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  • Ha, thanks - that was overlooked! That has listed two processors both Core 2 Duos @3.16GHz. What it doesn't do it confirm if this is a 64 bit machine or not.. (or am I being dense and that fact is staring me in the face?) – Toby Feb 14 '11 at 20:41
  • uname -r should help with that, surely? Or the same screenshot shows that I'm running 32-bit (my kernel is "generic"). – Scaine Feb 14 '11 at 20:42
  • I didn't set up the machine in the first place and I think the person who did erred on the site of caution and may have went for generic when they could have went higher. Thanks so much for your help. I have all the information I need now! – Toby Feb 14 '11 at 20:47
  • 3
    Actually, uname -m tells you whether the OS is 64 bits or not. On a 64-bits machine, it returns x86_64. – Lekensteyn Feb 14 '11 at 20:50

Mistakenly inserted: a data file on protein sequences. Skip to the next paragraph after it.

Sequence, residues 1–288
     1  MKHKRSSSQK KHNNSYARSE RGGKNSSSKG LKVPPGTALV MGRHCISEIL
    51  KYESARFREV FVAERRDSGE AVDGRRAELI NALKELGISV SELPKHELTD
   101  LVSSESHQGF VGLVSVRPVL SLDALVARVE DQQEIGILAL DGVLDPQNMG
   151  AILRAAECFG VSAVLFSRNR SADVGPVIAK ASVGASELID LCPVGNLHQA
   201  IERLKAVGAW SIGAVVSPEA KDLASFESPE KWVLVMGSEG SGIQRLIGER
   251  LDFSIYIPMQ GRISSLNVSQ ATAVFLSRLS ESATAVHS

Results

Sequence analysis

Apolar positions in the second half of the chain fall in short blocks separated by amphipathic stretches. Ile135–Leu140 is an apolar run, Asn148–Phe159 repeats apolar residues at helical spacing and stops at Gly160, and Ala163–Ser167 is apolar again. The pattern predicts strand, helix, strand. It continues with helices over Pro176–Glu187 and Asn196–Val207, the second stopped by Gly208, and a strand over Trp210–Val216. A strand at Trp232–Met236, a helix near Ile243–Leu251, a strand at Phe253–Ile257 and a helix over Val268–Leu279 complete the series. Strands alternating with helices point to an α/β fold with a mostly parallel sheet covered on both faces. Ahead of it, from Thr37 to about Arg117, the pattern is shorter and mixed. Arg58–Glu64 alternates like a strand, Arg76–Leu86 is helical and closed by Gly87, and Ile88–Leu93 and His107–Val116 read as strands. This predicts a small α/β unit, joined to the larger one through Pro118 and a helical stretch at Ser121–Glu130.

• 9
    my system monitor doesnt have this tab :-( – phil294 Feb 22 '17 at 12:34
66

To get the Processor model use the below command in a terminal.

cat /proc/cpuinfo  | grep 'name'| uniq

To get the information about number of processors

cat /proc/cpuinfo  | grep process| wc -l
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  • 3
    I like this answer better. – shriek Aug 11 '17 at 2:19
  • For future Googlers - this command doesn't work on ARM processors as the output is very different in at least 18.04. The lscpu command below works well. – stdunbar Sep 6 '19 at 17:31
  • 1
    grep could handle files as well as stdout, so you could simplify it like this: grep name /proc/cpuinfo | uniq – Lion Oct 13 '19 at 10:37
53

The simplest way to do this is to use the command created for that, lscpu:

user@host:~$ lscpu
Architecture:          x86_64
CPU op-mode(s):        32-bit, 64-bit
Byte Order:            Little Endian
CPU(s):                2
On-line CPU(s) list:   0,1
Thread(s) per core:    1
Core(s) per socket:    2
Socket(s):             1